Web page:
Wednesday, August 6, 2008

Understanding Your Customers Needs/Pains (Sales Process)

  1. Let the customer do the talking.
    Ask questions about him/her and how he/she got to that position. It will tell you a lot about who you are dealing with.
    Ask questions about the business: where it came from and where it is going, how he/she will support that strategic goal, what the needs/issues/pains are he/she is encountering.
    Keep asking open questions like: could you give me an example of that, help me understand that matter a little better, what do you mean by that, how is that an issue, what could solve the issue, ...
  2. Let the customer do the talking - Bis.
    Don't let the customer come back to you with questions. Once you are talking he/she will have time to think and to form an opinion about you and your company. When asked what you/your company does, always tell then the issue/pain you solved for a "reference" customer, never tell them what product/service you are selling (at least not in the initial face). Always reply at the end of your conversation if they encountered a similar issue and ask them how they are dealing with it.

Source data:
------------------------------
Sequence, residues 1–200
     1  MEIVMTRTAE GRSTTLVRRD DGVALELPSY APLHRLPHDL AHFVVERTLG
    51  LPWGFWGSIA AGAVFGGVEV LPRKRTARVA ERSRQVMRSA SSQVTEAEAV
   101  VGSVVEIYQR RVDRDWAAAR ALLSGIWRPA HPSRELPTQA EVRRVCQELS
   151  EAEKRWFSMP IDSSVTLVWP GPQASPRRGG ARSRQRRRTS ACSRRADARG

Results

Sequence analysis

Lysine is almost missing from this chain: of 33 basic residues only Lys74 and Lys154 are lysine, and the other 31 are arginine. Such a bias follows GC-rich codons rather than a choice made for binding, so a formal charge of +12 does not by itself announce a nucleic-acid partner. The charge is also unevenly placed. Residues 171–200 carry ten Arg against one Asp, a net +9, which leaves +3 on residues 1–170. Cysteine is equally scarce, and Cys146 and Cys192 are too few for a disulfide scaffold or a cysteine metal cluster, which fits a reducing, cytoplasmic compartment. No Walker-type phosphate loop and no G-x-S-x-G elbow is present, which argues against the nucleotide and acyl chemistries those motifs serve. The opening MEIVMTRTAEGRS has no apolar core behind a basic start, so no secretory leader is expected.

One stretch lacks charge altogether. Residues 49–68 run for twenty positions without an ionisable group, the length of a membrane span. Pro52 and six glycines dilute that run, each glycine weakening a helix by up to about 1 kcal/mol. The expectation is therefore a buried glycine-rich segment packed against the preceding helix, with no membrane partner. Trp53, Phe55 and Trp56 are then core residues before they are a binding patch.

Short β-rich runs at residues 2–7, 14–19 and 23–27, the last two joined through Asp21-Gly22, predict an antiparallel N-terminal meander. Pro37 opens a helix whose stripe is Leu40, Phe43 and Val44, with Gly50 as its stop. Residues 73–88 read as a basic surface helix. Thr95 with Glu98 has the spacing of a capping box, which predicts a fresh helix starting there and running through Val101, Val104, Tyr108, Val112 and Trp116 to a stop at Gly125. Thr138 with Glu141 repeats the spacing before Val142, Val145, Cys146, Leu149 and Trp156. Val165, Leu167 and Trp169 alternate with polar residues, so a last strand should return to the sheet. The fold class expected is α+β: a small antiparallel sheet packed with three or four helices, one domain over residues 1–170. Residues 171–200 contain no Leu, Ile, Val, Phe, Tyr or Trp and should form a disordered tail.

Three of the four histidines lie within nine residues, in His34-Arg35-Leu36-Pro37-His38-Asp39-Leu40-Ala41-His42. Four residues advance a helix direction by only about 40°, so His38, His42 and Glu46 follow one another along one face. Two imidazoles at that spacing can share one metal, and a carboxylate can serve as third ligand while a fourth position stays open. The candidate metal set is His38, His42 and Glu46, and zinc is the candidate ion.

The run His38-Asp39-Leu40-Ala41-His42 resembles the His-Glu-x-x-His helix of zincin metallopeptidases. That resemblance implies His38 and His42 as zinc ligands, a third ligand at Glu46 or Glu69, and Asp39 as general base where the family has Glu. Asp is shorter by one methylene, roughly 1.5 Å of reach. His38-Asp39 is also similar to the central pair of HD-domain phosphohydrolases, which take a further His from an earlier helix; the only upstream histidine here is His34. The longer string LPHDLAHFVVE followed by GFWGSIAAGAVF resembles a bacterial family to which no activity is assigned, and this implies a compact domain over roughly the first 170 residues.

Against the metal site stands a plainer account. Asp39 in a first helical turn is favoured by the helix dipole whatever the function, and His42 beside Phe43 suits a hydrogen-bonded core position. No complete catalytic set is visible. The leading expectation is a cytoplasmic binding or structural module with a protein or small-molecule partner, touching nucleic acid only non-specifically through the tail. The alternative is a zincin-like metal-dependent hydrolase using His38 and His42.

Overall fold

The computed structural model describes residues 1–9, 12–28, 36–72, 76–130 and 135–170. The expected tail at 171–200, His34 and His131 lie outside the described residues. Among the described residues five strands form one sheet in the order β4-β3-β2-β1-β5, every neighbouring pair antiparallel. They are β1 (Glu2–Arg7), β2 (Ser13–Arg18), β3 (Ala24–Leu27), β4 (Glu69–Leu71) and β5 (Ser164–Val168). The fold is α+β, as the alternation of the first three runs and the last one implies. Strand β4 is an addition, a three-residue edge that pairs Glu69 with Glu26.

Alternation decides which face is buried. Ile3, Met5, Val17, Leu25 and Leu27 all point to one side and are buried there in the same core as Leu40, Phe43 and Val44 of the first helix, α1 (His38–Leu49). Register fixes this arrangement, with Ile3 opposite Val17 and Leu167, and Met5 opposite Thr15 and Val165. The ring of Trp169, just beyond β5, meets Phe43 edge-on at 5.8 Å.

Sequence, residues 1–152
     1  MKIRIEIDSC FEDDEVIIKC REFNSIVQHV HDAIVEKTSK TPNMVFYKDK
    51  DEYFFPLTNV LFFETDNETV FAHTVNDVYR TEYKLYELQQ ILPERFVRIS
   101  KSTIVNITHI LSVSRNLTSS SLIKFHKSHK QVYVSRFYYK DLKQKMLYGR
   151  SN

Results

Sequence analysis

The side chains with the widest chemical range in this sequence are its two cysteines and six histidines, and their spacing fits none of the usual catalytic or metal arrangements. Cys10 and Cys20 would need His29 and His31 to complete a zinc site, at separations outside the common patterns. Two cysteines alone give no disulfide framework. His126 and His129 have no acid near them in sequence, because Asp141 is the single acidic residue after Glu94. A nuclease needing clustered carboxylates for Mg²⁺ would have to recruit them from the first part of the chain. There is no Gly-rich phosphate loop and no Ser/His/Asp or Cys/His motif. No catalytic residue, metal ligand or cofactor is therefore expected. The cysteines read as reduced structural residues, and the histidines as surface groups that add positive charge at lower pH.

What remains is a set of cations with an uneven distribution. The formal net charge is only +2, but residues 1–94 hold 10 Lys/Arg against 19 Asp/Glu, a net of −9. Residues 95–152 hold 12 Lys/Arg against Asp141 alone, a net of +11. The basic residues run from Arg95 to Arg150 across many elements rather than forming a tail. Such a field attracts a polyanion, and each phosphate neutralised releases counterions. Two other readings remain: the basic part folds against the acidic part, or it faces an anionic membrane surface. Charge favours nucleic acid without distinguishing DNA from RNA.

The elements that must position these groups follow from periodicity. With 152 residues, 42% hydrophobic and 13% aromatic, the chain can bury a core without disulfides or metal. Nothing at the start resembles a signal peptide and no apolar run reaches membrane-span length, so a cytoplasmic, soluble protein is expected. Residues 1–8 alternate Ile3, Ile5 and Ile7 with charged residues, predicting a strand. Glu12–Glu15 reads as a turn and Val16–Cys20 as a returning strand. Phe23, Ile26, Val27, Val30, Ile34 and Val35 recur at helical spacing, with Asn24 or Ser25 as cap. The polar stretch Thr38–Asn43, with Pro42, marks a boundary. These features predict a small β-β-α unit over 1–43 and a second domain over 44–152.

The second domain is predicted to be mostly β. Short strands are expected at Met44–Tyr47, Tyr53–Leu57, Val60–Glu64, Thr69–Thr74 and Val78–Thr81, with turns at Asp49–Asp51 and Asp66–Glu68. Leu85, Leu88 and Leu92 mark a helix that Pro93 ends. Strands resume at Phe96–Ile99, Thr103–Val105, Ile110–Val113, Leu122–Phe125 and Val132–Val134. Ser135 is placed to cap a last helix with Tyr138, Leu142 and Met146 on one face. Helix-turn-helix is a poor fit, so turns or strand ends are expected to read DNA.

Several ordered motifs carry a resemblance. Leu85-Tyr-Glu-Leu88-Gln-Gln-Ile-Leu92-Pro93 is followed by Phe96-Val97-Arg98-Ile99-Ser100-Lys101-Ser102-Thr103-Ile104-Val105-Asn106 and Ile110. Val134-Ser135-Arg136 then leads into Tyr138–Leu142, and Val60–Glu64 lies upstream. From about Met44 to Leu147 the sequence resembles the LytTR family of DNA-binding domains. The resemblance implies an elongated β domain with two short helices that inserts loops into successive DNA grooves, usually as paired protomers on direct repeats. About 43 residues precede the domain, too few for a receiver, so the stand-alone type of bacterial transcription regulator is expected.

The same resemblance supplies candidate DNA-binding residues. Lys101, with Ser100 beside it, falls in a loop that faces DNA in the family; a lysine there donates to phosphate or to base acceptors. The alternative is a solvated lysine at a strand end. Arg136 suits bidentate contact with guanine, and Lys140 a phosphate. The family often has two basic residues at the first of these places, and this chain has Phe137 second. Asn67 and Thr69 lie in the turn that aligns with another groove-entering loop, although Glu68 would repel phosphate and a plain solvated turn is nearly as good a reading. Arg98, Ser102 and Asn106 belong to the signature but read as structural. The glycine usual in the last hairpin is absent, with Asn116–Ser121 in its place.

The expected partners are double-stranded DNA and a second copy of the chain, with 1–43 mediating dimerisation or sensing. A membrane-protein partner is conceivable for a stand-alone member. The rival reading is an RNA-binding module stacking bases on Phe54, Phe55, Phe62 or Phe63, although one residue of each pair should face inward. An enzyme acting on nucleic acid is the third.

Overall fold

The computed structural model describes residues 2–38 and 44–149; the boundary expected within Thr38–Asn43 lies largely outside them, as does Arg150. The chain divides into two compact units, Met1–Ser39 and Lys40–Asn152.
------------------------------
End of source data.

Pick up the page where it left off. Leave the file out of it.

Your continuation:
3. Who else is suffering (aka the pain chain)?
    Always try to find out who else in the organization is suffering from the issues/pains mentioned. The more people are involved, the more willingness you will find to solve the issue.
  4. Why would they want to solve the issue?
    Try to find out what the compelling reason is to fix the issue? Is it:
    - Increase in revenue;
    - Decrease of costs;
    - Increase of productivity;
    - Increase of service levels.
    This will be the core message of your value proposition and ROI. If you can't find the reason, most likely they will not purchase your product/service.
  5. When will they act?
    By when do they need to solve the issue? Even more important, what will happen if they don't solve the issue, what will the impact be on the organization?
  6. Ask for time.
    Never tell the customer you have a product/service that fits their needs straight away. Always ask for some time to come back with a proposal. Meantime, call them to check if you understood their issue/pain 100% correct (the Columbo trick). If you have an off the shelve solution, price will be the decisive factor.